Cannibal Animals: 10 Animals That Eat Their Own Kind | BBC Wildlife

Cannibalism—eating an individual of the same species as food—is often not a good idea, and not just because of our own human morality. It can lead to the spread of some very nasty diseases, as well as the evolutionary cost of potentially eating your own relatives.

However, it is not as rare as you might think. In fact, it has been recorded in more than 1,500 species, and as with all behaviors, there is often a good evolutionary reason behind it. These reasons are diverse and cannibalism can take different forms, read on to learn more.


10 Examples of Cannabilism in the Animal Kingdom

1. Chimpanzees (Pan cavemen)

Alpha male chimpanzee, Kibale Forest National Park, Uganda. © Marc Guitard/Getty

Although primarily herbivorous, chimpanzees like to eat meat occasionally, hunting monkeys and forest pigs. However, their taste may be even closer to home. We may not like to think of our closest animal relatives indulging in something so horrific, but they also sometimes feed on their own.

This mainly occurs in the form of eating newborn babies. Male chimpanzees are thought to do this when they don’t think they are the father, to open up breeding opportunities for new females and to outnumber other males.

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2. Lions (panthera leo)

Male lion standing in long grass, Masai Mara, Kenya.

Male lion standing in long grass, Masai Mara, Kenya. © James Warwick/Getty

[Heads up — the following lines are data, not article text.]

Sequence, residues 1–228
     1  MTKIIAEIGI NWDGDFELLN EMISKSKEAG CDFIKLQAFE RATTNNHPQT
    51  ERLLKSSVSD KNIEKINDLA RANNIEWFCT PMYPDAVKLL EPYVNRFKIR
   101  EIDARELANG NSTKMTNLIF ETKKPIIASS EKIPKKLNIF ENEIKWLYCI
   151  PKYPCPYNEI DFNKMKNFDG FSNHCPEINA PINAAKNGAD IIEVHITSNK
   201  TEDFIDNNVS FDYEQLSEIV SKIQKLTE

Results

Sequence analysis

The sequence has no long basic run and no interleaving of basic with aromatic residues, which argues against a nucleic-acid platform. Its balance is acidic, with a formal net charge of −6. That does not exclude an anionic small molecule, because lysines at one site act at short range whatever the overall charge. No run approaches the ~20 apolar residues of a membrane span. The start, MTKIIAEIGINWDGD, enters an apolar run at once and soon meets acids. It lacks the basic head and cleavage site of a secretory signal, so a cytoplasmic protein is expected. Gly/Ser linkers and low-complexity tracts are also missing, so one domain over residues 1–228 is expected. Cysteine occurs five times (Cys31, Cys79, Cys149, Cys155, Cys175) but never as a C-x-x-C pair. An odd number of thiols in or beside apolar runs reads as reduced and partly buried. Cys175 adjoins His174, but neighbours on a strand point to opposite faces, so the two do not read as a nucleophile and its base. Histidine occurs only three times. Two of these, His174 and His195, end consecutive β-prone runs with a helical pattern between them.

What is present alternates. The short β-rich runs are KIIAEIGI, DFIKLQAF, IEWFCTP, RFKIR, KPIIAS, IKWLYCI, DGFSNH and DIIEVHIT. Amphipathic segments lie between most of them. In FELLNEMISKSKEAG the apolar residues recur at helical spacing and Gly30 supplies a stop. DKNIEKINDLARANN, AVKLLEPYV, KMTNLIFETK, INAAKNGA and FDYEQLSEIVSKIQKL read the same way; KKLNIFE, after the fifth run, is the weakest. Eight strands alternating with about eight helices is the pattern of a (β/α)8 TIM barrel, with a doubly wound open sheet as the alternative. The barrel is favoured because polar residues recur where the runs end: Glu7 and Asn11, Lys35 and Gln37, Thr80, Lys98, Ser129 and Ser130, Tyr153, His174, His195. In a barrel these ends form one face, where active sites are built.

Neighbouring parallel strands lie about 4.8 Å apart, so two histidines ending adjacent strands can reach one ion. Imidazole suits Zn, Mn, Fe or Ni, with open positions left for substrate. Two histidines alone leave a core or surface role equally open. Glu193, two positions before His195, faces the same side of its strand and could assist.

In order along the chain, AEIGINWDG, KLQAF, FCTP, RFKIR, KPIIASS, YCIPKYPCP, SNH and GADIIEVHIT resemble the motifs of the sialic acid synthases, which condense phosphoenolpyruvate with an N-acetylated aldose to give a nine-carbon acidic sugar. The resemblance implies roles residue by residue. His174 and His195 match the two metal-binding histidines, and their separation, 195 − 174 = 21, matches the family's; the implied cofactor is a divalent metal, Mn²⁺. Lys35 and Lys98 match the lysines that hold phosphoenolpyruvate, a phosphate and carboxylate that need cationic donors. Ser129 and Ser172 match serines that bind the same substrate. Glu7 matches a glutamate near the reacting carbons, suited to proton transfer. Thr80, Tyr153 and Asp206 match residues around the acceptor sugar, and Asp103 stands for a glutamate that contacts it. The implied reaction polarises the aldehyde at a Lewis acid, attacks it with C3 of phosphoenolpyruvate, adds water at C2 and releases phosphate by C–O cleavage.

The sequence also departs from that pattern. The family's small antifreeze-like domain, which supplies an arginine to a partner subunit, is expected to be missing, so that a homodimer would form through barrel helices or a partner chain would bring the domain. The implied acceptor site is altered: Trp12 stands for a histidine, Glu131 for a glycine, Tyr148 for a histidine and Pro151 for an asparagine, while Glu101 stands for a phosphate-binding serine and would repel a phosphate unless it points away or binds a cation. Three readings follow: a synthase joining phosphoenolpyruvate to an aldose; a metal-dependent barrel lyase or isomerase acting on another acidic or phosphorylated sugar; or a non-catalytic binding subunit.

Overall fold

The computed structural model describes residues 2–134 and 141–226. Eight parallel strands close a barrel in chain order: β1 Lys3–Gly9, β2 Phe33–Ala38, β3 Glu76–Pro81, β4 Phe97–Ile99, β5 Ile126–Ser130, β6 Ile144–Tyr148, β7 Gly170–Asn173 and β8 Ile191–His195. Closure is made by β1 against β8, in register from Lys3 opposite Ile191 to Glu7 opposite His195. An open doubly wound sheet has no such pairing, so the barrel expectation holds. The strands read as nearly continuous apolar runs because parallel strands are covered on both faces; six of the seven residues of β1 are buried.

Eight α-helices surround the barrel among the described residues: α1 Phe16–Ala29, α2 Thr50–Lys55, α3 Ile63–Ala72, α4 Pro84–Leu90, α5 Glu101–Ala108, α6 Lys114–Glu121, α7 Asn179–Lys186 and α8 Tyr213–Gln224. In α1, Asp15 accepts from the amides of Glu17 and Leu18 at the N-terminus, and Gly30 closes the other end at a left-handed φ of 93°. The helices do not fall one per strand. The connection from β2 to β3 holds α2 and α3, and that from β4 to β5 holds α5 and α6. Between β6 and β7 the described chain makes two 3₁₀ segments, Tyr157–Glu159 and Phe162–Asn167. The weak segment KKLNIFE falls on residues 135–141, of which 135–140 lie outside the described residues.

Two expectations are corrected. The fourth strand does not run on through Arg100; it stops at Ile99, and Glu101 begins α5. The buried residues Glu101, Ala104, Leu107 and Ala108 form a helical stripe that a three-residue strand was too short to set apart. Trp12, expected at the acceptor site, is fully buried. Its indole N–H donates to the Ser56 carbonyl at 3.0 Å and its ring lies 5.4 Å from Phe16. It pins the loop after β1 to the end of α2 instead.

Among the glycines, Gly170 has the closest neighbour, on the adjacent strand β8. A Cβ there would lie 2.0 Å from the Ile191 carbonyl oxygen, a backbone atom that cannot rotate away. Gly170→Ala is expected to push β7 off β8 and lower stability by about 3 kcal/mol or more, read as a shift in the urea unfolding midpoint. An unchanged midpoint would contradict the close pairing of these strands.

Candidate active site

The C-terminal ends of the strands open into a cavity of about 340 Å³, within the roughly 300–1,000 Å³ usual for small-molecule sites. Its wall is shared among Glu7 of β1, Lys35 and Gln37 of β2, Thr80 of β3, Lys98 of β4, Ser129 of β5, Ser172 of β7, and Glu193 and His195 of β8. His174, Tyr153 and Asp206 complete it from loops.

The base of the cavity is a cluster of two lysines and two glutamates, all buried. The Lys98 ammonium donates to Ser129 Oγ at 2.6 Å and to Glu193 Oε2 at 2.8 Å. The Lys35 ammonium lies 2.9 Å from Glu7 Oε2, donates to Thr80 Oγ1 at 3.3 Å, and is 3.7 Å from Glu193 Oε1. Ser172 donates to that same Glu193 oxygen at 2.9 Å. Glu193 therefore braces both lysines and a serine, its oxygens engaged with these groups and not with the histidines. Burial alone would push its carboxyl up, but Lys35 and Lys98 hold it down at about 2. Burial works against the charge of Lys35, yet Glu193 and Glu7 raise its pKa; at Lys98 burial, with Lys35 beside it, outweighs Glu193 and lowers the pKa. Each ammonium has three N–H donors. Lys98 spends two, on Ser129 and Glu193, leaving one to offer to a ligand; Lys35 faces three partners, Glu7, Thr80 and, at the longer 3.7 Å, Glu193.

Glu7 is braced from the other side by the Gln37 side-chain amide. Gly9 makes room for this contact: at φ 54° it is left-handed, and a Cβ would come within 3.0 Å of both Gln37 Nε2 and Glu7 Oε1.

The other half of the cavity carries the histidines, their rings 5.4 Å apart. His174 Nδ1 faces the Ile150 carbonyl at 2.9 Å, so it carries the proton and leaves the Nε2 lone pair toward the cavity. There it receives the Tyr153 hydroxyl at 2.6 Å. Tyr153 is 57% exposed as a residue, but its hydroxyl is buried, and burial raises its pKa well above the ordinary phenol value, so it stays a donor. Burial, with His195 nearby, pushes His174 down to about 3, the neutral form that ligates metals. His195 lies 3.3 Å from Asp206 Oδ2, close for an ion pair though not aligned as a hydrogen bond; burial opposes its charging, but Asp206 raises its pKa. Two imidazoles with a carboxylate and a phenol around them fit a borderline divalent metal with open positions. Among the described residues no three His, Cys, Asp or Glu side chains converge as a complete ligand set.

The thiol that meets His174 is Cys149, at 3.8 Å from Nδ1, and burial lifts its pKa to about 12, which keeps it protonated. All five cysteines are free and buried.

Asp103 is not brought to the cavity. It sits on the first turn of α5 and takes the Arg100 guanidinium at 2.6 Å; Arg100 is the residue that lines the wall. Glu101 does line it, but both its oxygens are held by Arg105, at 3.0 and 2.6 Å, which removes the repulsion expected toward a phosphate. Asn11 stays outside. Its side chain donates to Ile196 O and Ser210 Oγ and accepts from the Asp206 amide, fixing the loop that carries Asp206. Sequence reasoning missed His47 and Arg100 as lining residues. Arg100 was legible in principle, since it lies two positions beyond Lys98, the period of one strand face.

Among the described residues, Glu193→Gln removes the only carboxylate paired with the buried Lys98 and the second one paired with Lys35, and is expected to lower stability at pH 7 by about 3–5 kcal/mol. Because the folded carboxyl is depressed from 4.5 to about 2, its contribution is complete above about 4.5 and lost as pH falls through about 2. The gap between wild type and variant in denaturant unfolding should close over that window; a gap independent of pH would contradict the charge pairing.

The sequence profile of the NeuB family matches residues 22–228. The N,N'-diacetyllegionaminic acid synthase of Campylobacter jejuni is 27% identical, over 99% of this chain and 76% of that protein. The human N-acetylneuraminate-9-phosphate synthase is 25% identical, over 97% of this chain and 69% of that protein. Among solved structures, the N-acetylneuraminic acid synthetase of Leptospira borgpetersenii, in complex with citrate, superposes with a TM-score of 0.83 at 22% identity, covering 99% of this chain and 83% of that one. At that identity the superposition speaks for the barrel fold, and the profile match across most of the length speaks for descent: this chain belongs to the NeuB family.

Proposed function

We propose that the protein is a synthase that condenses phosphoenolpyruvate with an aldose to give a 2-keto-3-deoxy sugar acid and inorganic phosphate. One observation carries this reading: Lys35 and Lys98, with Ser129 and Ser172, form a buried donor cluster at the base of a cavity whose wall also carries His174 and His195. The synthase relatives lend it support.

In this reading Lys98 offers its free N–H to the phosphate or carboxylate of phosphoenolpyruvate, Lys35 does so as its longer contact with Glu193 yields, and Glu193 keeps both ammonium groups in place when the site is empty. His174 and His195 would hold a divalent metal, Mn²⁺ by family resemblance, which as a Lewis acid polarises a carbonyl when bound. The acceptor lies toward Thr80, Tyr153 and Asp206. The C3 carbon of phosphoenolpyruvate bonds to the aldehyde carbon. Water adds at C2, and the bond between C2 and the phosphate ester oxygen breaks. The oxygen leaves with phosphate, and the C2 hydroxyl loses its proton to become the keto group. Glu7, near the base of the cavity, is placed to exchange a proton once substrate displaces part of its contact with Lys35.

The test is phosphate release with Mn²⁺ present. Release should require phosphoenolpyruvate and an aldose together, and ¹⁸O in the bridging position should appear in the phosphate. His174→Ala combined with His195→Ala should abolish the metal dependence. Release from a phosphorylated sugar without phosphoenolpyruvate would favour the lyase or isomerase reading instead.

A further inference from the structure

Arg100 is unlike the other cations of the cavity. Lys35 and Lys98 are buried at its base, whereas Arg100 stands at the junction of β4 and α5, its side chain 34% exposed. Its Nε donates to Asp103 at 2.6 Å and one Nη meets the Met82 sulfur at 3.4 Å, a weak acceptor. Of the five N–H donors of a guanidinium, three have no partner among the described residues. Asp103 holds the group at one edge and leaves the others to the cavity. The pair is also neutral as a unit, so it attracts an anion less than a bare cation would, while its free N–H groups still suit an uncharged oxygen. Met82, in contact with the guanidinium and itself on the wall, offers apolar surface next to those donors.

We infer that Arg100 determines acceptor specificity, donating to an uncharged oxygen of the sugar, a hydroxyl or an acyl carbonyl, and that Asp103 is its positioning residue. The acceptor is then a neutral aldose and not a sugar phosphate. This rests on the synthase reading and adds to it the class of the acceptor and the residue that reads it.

Another species that kills babies of its own kind is the lion. When a new male takes over a troop, he will usually kill all existing cubs, as he doesn’t want to become a “stepfather,” and invest resources in cubs that are not his. It also means he can breed faster with the mothers. Sometimes, but not always, there is cannibalism.

3. Hippopotamus (hippopotamus amphibius)

Hippo in Chobe National Park

Hippopotamus in Chobe National Park, Botswana. © Winfried Wisniewski/Getty

Hippos are another species that occasionally commit this “strategic infanticide.” However, they are not known to eat the babies. Instead, they were recorded eating the corpses of other adults. This is especially surprising because they are mainly herbivores. Scientists suspect that this behavior stems from extreme need, while other, safer foods are scarce.

4. Hamsters (Cricetidae Family)

European hamster (Cricetus cricetus), sitting upright in a meadow, Austria.

European hamster sits upright in a meadow, Austria. © Stefan Huwiler/Getty

Yes, that’s right, even your cute little pet hamster is capable of cannibalism. Mothers are known to sometimes eat their own newborn babies, both in captivity and in the wild. They are thought to only do this if they are deficient in important vitamins and minerals. Like hippos, it’s a horrifying solution to a problem of extreme scarcity. Sometimes the cost of damaging your own growing success is worth the benefits of a meal.

5. Crab Spiders (Family Thomisidae)

A crab spider on blue flag iris

A crab spider on blue flag iris. © Brian Lasenby/Getty

So far we’ve talked about animals eating their own babies, but sometimes it happens the other way around. To ensure the survival of her offspring, a female crab spider will offer her own body as a meal. This behavior is known as matriphagy and is, in fact, a fairly widely developed strategy for ensuring that your genes are passed on successfully. It is mainly practiced by insects and arachnids.

6. Caecilians (Gymnophiona Order)

Ringed caecilian (Siphonops annulatus).

Ringed caecilian (Siphonops annulatus). © Luis Espin/Getty